First Came the Sports Betting Boom. Now Comes the Backlash.

In the United States, the tweaking of state regulations and laws started this winter in states including New York, where mobile sports betting generated $16.5 billion in bets and an extraordinary $909 million in new tax and licensing revenue in the first year it was legal.

But the explosive growth of legally sanctioned, online betting on sports also produced growing concerns that it could cause harm. New York responded by proposing new rules that prohibit any advertising on college campuses or that is “aimed at persons under the minimum age,” which in New York is 21, while Ohio stepped up enforcement actions.

“Folks are waking up to the need to intervene and not wait a decade and have the full brunt of harmful effects of this, particularly on minors,” said Matt Schuler, executive director of the Ohio Casino Control Commission, who said he was extremely disappointed with content of advertising in his state as betting started this year. “The industry will certainly never police itself.”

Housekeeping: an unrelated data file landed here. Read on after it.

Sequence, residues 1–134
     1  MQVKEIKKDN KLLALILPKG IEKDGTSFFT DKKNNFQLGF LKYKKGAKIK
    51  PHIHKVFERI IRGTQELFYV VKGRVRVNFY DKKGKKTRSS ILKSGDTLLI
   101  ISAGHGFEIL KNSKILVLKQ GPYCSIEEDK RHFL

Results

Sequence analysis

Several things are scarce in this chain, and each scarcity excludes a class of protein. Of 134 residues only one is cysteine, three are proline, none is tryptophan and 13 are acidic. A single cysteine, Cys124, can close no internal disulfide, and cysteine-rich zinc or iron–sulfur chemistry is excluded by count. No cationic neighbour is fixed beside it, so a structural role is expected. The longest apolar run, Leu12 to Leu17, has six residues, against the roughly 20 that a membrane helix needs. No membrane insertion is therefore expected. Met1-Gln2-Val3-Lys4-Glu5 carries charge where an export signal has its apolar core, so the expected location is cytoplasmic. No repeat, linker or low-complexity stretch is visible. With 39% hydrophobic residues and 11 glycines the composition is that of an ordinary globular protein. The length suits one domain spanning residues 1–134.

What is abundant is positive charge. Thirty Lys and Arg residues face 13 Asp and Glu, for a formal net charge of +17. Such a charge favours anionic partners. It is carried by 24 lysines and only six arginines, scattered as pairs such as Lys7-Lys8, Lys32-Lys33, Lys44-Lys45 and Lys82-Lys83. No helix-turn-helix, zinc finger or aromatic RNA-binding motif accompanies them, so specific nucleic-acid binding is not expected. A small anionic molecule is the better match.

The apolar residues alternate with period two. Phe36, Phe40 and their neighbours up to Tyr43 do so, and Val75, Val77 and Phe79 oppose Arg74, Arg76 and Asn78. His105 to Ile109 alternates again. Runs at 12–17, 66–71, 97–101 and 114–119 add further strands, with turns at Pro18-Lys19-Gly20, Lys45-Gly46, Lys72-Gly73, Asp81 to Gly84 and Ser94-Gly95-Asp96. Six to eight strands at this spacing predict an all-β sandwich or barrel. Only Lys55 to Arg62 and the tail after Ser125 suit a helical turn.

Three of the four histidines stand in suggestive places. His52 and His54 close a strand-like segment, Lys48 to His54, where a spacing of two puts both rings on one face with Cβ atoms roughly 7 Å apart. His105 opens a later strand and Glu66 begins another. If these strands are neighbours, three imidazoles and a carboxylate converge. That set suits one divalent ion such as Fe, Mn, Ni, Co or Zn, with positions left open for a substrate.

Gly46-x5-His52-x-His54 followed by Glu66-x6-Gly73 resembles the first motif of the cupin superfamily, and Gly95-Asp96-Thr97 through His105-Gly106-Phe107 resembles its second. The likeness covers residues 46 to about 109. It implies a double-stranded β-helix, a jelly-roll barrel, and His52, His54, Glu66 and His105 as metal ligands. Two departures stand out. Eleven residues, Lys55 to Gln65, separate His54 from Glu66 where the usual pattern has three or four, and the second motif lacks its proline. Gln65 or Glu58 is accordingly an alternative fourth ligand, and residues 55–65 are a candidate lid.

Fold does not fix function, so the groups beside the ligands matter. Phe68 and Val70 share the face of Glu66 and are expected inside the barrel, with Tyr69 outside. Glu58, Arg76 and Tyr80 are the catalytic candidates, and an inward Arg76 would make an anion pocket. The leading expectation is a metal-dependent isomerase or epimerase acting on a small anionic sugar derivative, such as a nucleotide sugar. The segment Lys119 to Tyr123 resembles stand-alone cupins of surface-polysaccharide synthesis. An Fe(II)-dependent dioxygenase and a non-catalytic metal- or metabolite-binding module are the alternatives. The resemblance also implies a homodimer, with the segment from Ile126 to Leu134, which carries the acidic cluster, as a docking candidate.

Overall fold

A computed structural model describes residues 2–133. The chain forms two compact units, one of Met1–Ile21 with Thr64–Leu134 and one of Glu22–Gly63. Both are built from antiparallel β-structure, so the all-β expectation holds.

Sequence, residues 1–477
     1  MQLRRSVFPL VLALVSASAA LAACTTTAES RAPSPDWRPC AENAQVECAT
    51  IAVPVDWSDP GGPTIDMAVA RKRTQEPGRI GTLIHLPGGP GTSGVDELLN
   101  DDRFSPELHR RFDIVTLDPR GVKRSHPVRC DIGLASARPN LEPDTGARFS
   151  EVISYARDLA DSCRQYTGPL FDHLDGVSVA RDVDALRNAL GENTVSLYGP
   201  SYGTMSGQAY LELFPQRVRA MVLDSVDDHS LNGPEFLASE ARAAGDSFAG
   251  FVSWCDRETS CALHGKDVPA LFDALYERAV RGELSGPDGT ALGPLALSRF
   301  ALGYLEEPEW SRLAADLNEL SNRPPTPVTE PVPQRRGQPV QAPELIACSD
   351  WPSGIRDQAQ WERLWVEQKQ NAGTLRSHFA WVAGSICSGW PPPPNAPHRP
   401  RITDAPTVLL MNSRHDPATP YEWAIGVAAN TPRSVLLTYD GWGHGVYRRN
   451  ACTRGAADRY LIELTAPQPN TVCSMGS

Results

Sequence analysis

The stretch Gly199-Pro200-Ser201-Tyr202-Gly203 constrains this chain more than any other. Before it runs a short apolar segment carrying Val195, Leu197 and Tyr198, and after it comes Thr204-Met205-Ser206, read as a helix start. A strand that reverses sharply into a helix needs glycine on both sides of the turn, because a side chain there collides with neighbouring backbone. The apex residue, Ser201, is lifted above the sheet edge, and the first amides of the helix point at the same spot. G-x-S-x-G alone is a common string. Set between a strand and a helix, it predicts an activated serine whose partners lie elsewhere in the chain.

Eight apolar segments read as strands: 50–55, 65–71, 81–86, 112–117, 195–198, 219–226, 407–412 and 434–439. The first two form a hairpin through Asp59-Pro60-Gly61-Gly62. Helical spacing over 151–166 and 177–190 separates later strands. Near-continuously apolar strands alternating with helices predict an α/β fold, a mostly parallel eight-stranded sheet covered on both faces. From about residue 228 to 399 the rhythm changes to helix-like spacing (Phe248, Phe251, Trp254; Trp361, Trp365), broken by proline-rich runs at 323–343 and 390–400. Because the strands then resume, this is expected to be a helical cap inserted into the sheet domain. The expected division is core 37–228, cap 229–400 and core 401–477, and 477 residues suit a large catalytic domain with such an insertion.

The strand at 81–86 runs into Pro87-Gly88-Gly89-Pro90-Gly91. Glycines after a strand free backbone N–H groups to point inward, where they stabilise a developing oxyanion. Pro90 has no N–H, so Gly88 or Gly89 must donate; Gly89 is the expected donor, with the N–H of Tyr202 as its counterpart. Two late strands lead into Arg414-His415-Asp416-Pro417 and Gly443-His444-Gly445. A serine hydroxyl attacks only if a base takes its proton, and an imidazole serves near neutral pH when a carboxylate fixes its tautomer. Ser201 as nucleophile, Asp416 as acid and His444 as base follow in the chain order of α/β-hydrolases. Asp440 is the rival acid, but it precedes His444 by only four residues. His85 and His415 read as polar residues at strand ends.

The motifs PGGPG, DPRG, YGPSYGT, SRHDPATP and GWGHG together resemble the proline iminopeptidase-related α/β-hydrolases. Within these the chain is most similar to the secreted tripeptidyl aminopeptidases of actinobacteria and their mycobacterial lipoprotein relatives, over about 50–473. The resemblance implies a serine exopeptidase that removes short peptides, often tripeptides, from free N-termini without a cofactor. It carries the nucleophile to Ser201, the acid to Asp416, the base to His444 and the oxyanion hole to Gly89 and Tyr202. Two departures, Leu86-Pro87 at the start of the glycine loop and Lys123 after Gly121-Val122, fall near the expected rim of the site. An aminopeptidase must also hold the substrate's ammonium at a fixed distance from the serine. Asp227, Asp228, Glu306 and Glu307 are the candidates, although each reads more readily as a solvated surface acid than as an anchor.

An estimated $1.8 billion was spent advertising online gambling last year in local markets in the United States, according to BIA Advisory Services, an industry data aggregator, up nearly 70 percent in just one year, contributing to a sense among certain state regulators — and many sports viewers — that the airwaves had become too saturated with sports betting ads.

Over the last six months, Maryland, Maine, Massachusetts, Ohio and Connecticut have enacted or proposed new rules relating to sports betting, some of which are now in effect or awaiting final approval. The measures differ by state, but most aim to prevent deceptive marketing or promotions targeting underage bettors.

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